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Scollbars cause page shift

Opera 7 and Firebird

     
1:06 pm on Jan 22, 2004 (gmt 0)

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I have written a number of fixed width web pages (750px) centered on the screen. Some pages are obviously larger than others ie. some require the browser to place a scroll bar and some do not.

When using IE 6 (PC) all is well, but if I use Opera 7.2 or Firebird 0.7 (and others) and switch from a page with a scroll bar to one without and back again the whole page shifts to the right and back again. It looks ugly, and to repeat the page stays solid when using IE, is there anyway of getting those other browsers to be as equally obliging. This is probably a daft question, but thought it worth asking.

5:52 pm on Jan 22, 2004 (gmt 0)

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I've noticed this phenomenon myself and never found a fix, except for ensuring that all pages have scrollbars.

I also don't think it's a big issue, so I didn't try very hard to find an answer. In my case at least, it's more likely something only noticed by me during testing -- as I rapidly move through the pages in a fashion that the general visitor is unlikely to use.

6:12 pm on Jan 22, 2004 (gmt 0)

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If I've understood your question correctly, then the answer as to why this happens is because IE always shows a scrollbar regardless of whether it's needed or not, whereas most other browsers will not. There's not a lot you can do about this.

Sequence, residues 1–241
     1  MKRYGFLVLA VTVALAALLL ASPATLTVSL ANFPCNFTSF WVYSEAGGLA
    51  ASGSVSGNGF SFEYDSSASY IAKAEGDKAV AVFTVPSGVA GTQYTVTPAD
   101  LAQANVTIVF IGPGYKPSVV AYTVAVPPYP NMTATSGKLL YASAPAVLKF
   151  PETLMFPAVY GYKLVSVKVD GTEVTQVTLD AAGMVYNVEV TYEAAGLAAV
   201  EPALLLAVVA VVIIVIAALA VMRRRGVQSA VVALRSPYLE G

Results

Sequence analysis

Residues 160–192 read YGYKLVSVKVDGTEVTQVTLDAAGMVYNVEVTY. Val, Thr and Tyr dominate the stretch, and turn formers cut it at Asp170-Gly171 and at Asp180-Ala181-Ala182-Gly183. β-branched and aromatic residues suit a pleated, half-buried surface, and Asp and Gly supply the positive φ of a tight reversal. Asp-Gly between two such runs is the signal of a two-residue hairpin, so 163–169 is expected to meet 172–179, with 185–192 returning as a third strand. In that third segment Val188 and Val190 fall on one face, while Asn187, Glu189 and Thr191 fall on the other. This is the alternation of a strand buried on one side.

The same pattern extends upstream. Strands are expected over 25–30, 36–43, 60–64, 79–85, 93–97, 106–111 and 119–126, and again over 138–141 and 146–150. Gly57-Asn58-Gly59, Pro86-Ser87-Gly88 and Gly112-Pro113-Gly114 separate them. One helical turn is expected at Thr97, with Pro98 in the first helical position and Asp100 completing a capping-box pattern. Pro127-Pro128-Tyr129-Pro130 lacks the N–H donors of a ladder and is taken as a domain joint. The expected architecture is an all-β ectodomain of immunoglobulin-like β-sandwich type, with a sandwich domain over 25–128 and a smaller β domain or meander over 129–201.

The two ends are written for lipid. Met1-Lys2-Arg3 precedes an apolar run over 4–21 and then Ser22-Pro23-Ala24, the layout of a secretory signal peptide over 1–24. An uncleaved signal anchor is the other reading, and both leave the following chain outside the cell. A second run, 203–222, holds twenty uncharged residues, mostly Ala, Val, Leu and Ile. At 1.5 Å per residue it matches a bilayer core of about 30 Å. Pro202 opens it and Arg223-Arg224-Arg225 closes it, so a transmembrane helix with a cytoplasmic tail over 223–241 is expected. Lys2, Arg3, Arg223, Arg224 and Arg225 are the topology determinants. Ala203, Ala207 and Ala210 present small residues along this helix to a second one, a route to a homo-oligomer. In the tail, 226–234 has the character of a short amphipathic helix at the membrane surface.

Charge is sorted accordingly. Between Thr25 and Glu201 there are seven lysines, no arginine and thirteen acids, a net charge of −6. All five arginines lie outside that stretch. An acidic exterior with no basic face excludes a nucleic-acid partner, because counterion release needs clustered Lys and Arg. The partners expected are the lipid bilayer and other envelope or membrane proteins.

8:03 pm on Jan 22, 2004 (gmt 0)

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I first complained about this in Usenet over 2 years ago; and think it is very poor design on the part of Opera / Netscape / Mozilla; etc.

What is means is that canvas width effectively becomes a function of page height; and the effect is just plain ugly as everything shifts left and right.

There is no practical solution to it.

8:25 pm on Jan 22, 2004 (gmt 0)

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For what it's worth, I feel it's very poor design to create a site that doesn't make good use of available page space, but there you go.

I think IE's behaviour is a hold-over from the days when browsers weren't capable of reflowing content as the window size changed. Now that they can, it makes sense to make the best use of page space, and avoid displaying an unsightly scroll-bar when it isn't necessary.

I wouldn't worry about it, in any case. No-one's likely to notice.

9:19 pm on Jan 22, 2004 (gmt 0)

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There is no practical solution to it.

Actually, there is a solution which forces a scrollbar, but it is a real hack. In your CSS file, add this:

#scroll { 
position:absolute;
top:0;
bottom:-0.1px;
width:1em;
z-index:-1;
}

and somewhere in your HTML, add:

<div id="scroll"></div>

That puts an absolutely-positioned div which is 0.1 pixels longer than the page, meaning that there will always be a scrollbar showing. Not ideal I know, but I've found nothing better.

Hope this helps!

2:17 am on Jan 23, 2004 (gmt 0)

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It really doesn't bother me. In fact if anything IE's handling annoys me. :)

Now, if consistancy is what you're after, you could do something like this:

html {
height : 100%;
overflow : scroll;
}

Since overflow-y isn't part of the current official spec (I think it's in CSS3), you'll be stuck with both a vertical and horizontal scroll bar. But at least it'll be consistant.

 

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